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VCH Christmas Movie Review # 1—Holiday Affair

December 24, 2016

 

 

This may not be the greatest classic Old Hollywood Christmas Movie out there. But we humbly submit it’s still pretty damned good and entertaining and it's still our personal favorite. Sorry, Miracle on 34th Street.

 

Holiday Affair is tops at VCH, and we'll tell you why. 

 

We can actually sum it up pretty easily: Robert Mitchum and Janet Leigh.

 

They’re both powerhouse performers and their combined charisma and onscreen chemistry allows them to transform what might otherwise have been a fairly forgettable Christmas-related love story into something more enduring. 

 

Robert Mitchum is one of the coolest cats to have ever worked in Hollywood. His friend and RKO studio boss Howard Hughes thought the wholesome part in Holiday Affair would help rehabilitate Mitchum with audiences after his notorious bust for marijuana possession. 

 

It was worth a shot. Instead, when released in 1949, it was a box office flop that cost the studio $300,000.

 

What's wrong with people, we ask? 

 

Still, even though the movie may have tanked, Mitchum's career didn't. Maybe Howard Hughes knew what he was about after all.

 

One tagline used for movie posters ran: “It Happens in December, But It’s Hotter Than July” which may have overstated the sultriness of the love story just a teeny tiny bit, and raised expectations too high when it was released.

 

Hey, it’s a gem of a little movie for 1949, and Mitchum and Leigh's chemistry is undeniable, but it’s no Last Tango in Paris.

 

But thanks to Turner Classic Movies, the movie’s had a second lease on life and is now considered a bonafide classic Christmas flick. 

 

 

Why We Love It

 

Bob Mitchum was always a total badass. That was his charm. Like Rhett Butler, he didn’t give a damn, and that translated into the seriously edgy, dangerous quality he radiated on film. (Our favorite Mitchum performances, off the top of our head: Out of the Past, Night of the Hunter, The Enemy Below, Thunder Road, and Cape Fear.)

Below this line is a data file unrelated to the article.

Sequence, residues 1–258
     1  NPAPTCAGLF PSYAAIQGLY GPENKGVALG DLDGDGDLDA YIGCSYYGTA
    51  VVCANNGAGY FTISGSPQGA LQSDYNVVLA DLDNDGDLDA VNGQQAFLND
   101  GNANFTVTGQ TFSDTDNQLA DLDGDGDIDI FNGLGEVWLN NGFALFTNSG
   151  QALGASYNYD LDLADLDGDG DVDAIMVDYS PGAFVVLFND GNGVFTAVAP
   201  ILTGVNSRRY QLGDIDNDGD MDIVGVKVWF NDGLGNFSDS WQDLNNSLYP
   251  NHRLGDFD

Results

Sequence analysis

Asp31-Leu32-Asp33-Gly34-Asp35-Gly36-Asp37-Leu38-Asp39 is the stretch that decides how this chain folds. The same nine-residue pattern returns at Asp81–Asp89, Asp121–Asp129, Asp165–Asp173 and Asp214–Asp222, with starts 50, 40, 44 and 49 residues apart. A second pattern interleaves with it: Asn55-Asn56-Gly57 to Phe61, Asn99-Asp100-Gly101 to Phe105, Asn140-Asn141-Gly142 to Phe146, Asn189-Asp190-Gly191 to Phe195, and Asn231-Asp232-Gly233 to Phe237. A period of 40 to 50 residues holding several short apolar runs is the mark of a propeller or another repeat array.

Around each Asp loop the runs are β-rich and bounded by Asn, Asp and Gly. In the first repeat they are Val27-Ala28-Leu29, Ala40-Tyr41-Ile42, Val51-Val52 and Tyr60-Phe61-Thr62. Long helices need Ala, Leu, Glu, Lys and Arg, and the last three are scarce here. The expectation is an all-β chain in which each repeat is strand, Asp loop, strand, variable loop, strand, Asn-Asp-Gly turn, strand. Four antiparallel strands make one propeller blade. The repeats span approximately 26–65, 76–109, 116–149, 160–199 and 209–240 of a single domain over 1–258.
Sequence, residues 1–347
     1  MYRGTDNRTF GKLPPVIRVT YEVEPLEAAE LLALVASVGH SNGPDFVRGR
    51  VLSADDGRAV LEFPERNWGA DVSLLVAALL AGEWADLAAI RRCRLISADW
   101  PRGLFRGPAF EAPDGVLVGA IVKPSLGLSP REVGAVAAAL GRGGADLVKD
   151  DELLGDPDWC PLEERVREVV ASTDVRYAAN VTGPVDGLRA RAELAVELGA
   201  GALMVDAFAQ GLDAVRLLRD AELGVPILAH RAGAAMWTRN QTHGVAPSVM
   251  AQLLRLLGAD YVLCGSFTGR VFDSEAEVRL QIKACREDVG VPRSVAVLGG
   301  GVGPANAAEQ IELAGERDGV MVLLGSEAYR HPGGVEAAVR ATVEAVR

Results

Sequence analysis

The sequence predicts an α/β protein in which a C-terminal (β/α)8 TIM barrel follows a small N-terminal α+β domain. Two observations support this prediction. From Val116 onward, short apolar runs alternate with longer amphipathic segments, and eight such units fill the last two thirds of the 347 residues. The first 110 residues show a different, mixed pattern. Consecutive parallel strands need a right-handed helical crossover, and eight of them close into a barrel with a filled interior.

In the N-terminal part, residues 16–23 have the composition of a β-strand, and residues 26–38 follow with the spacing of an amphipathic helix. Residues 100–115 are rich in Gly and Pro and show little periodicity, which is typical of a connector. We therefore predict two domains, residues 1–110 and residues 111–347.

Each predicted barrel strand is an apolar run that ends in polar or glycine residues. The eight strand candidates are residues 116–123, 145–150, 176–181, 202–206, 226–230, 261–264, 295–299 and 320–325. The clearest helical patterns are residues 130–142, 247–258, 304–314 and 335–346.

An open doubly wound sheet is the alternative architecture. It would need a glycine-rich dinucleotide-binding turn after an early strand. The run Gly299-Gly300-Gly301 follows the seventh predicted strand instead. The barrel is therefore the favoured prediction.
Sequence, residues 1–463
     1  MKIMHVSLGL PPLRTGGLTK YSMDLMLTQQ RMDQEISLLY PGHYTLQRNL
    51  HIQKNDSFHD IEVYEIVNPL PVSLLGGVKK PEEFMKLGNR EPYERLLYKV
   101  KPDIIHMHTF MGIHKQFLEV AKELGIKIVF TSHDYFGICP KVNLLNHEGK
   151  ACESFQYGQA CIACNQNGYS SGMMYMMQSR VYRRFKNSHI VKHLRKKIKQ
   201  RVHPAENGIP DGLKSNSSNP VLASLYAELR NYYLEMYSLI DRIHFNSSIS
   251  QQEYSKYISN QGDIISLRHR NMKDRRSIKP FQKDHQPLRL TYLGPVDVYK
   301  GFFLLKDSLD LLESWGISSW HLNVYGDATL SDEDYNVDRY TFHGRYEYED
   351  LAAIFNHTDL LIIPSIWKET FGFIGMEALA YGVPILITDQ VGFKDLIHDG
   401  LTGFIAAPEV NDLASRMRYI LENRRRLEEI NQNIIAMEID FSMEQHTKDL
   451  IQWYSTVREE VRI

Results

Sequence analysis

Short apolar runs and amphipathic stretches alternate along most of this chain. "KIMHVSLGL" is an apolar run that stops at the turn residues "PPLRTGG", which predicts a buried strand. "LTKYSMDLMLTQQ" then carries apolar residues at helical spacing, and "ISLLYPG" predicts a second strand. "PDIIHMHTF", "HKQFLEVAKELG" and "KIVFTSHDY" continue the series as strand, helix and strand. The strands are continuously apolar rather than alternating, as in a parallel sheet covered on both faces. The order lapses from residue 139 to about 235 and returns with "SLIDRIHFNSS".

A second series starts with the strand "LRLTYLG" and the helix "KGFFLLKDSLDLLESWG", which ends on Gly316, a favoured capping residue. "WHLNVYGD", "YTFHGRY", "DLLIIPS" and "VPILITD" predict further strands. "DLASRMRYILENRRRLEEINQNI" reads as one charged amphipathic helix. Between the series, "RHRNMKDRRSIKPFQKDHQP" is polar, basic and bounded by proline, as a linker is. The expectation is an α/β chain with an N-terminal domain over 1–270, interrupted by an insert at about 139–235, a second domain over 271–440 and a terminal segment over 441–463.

Mitchum had a certain hard edge common to some other leading men of his day, like Sean Connery and Lee Marvin. 

 

Marvin was a legit WWII Marine infantry combat veteran, and not at all the kind of guy you'd want to mess with.

 

                 Say hello to Lee Marvin and his little friend

 

 

Unlike some modern cinematic heroes, (cough, Tom Cruise), you had no trouble believing that when the cameras stopped rolling, Bob or Sean or Lee could, if needed, kick some serious ass in the real world.

 

They weren’t dependent on special effects, green screens, or lifts in their shoes to impose their will. They were the real deal, and we get that when we watch them perform. Hard to beat that quality for some real cinéma vérité.

 

And then there is Janet Leigh.

 

Pre-Hitchcock's Psycho—by about a decade. She was sexy here. Very.

 

 

Yes, her chemistry with Mitchum is real. Mitchum also manages to play the good guy who bonds with the kid (a stellar performance from a precocious Gordon Gebert as little Timmy) in every scene in a way that seems effortless and real. That’s acting folks. He makes it look easy…but it’s not.

 

Enough about Mitchum's real on reel tough guy bonafides and Janet Leigh's vulnerable, play hard-to-get, but still adorable love interest vibe.

 

The final result is a perfectly executed feel-good love story set at Christmas time that reminds us what it means to have loved deeply and lost, and to have the courage to move on.

 

Highly recommended. 

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